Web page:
Excerpt: Teju Cole's Known and Stranger Things

Teju Cole has a new book out. Whoope! Finally! 

The Excerpt Reader has been looking forward to reading something new from this young and (very) talented writer ever since reading his excellent debut novel, Open City. Whilst waiting impatiently for a new book, I've also read Every Day Is for the Thief, a book which, to my eye, walks the border between Fiction and Non-Fiction. 

So now we have a new book, after 4 years of waiting. It's a compilation of essays Cole has written in the past 8 years, some of which were published in The New Yorker. The title is Known and Strange Things: Essays.

As a customer review on Amazon points out, 'This book of essays by Teju Cole aren’t always essays: they might be scraps of thought, well-digested and to an immediate point.' 

Here's an excerpt from the book. It's the opening chapter.

Judging by the excerpt, Cole's writing in this tome of essays is very intimate, pensive and revealing at times.

In this opening chapter, Cole writes about a visit to the town of Leuk, Switzerland, following the footsteps of renowned writer James Baldwin, who also spent a while in this town, back in 1951. Baldwin recorded his experience of being the only black person in a small Swiss town in his essay, “Stranger in the Village.” 

Being a black man himself, Cole sympathizes with Baldwin:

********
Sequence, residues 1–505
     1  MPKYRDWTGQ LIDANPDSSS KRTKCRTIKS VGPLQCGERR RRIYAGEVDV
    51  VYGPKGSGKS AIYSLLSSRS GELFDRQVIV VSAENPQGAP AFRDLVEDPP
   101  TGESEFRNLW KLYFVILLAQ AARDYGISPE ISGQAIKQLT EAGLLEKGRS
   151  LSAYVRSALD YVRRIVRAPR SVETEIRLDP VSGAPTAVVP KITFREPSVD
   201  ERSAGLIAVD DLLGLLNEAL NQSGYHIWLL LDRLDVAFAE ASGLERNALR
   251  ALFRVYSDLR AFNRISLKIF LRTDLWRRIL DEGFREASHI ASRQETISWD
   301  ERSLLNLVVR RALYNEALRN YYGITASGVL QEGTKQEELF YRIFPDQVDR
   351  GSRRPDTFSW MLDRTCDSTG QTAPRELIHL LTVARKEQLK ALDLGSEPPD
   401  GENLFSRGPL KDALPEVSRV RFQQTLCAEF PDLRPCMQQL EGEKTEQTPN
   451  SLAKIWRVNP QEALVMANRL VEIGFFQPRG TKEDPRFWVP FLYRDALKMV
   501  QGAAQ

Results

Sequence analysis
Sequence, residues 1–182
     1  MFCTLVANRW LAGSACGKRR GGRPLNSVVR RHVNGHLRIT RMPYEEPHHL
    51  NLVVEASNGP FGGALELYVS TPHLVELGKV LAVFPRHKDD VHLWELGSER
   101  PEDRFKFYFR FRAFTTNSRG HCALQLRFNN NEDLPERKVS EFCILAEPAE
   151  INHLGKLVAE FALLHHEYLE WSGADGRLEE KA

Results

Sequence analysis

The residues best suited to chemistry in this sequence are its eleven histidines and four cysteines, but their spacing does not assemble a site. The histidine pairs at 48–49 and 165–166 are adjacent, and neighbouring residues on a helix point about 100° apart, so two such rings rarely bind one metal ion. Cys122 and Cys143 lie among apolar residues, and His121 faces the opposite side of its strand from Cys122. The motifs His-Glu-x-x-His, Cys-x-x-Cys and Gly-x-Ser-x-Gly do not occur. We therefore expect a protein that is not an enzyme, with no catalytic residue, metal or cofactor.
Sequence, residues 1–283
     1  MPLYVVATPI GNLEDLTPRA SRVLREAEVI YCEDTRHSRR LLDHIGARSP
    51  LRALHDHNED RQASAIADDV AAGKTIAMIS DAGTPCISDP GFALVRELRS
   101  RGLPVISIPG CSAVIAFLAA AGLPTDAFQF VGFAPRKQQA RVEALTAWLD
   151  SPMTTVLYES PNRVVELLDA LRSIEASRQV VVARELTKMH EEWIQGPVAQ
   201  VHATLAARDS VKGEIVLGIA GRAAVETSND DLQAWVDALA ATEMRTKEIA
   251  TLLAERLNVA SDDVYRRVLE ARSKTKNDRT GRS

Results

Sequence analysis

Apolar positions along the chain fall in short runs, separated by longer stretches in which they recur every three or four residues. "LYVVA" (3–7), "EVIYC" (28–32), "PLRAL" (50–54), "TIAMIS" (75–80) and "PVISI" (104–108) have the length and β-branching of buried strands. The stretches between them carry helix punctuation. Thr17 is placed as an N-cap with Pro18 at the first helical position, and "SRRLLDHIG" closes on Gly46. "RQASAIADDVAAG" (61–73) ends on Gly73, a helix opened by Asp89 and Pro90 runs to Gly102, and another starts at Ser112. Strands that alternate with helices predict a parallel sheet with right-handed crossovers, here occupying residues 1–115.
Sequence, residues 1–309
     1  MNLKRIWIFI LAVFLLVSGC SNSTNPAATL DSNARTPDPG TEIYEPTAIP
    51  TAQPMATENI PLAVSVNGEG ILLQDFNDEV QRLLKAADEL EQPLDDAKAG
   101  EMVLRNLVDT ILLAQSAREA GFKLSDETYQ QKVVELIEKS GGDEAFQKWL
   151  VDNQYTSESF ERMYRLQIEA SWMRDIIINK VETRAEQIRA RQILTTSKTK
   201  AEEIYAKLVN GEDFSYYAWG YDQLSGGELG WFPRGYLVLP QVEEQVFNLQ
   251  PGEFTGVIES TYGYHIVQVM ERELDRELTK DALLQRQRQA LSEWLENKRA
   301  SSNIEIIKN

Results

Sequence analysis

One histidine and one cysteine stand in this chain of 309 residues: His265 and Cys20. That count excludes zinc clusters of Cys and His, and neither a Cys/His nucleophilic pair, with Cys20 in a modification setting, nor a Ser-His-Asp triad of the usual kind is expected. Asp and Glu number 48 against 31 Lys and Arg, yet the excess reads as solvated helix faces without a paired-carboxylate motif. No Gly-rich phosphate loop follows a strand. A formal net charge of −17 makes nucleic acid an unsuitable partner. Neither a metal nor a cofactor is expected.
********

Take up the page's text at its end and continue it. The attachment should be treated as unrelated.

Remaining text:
To be a stranger is to be looked at, but to be black is to be looked at especially [...] To be black is to bear the brunt of selective enforcement of the law, and to inhabit a psychic unsteadiness in which there is no guarantee of personal safety. You are a black body first, before you are a kid walking down the street or a Harvard professor who has misplaced his keys.

In 2013 as in 1951, to be black, indeed to be a person of color in a predominantly white environment, is to be singled out, pre-judged. 

There is one huge difference, though. As Cole rightly points out, the cultural world Baldwin inhabited was still predominantly white. Black art - be it music, literature, or painting - was regarded with skepticism and suspicion during his years as a young writer. Cole inhabits a totally different world, wherein African Americans heritage is given its due place in American mainstream culture, and black people occupy influential positions in all echelons of society. 

Still, there is a huge divide between white and black people, in the US and elsewhere: 

Black American life is disposable from the point of view of policing, sentencing, economic policy, and countless terrifying forms of disregard.

Which leads Cole to end his essay in a very pessimistic tone:

Baldwin wrote “Stranger in the Village” more than sixty years ago. Now what?

Indeed, what has changed?

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